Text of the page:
Clichés. The world is full of them and I dislike them for more than just the fact they are overused (and yet have a massively irritating way of creeping into my writing and my mind). I also dislike them because, frankly, they’re not always true. In fact… the people who wander around my thoughts during the day prove many of them entirely inaccurate:
Blood is Thicker than Water
They say blood is thicker than water… in some way trying to devalue ties not born of DNA. But when I look at him and her, when I watch her cuddle him to sleep, listen to her read him stories, listen to him recall his day to her as they sit gazing out of the window, I know that biology is the smallest part of the equation of parental love.
Blood may be thicker than water – but it is not thicker than love. Blood stains, but it doesn’t stick around as long as an unconditional and eternal love for someone.
DNA won’t keep him warm at night. Genes won’t keep him feeling safe. Love will do that.
All’s Fair in Love and War
They say that all is fair in love and war. Tell that to the orphan weeping over the bloodied corpse of his Father – a man murdered by weapons far bigger than he, fired for reasons far bigger than he can comprehend. A war was waged against the men in power but that wipes out the men on the street.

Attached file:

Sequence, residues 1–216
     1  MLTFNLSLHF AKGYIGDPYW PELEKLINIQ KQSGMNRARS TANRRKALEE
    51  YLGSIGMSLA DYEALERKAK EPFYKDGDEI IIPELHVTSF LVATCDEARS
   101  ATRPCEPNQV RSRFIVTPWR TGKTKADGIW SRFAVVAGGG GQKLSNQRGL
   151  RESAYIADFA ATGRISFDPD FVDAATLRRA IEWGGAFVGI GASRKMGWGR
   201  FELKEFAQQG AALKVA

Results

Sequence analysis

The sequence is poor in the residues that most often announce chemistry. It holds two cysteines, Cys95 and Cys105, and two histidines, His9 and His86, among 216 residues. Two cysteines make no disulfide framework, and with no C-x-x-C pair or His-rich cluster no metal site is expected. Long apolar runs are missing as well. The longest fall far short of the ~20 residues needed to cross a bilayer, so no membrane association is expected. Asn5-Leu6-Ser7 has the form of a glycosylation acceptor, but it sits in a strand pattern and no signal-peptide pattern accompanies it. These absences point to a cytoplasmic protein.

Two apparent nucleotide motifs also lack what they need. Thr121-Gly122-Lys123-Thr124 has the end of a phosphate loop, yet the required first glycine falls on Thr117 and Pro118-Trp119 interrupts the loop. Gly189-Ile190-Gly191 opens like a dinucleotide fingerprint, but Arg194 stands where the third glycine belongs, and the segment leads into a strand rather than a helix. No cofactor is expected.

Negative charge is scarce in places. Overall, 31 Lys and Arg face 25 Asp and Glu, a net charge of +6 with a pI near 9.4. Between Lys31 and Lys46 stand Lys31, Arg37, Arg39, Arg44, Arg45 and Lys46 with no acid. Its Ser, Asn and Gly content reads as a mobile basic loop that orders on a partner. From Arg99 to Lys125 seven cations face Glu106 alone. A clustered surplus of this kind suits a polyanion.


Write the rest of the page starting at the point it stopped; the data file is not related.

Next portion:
They say that all is fair in love and war. Tell that to those who lost a love, whose heart never recovered and who were never quite able to fully give their heart to another.
A Picture is Worth a Thousand Words
They say a picture is worth a thousand words. So perhaps, then, they haven’t read hers. Because the prettiest pictures are penned using just 26 different letters and raw emotion. They choose her, the words. She doesn’t necessarily choose them. I know that. I see that. I feel that. Yet those pictures penned of vowels and consonants, free of paint, free of oils, free of pastels, chalks and pencil lines, they create some of the finest art you will ever see.
They say a picture is worth a thousand words. So perhaps then, they haven’t read hers.
All’s Well that Ends Well
They say that all’s well that ends well. But just because loose ends were tied up doesn’t mean the knots were ever removed from the middle. Picking up the smashed pieces doesn’t put them back together again.
A happy ending is indeed desirable. But sometimes so much has been damaged during the event that all you can do is look forward… clean up what you can and leave what was to weather away.
Lightening Never Strikes Twice in the Same Place
It does. Or sometimes three times. Or sometimes even four times.
All you can do is douse the flames, repaint and carry on.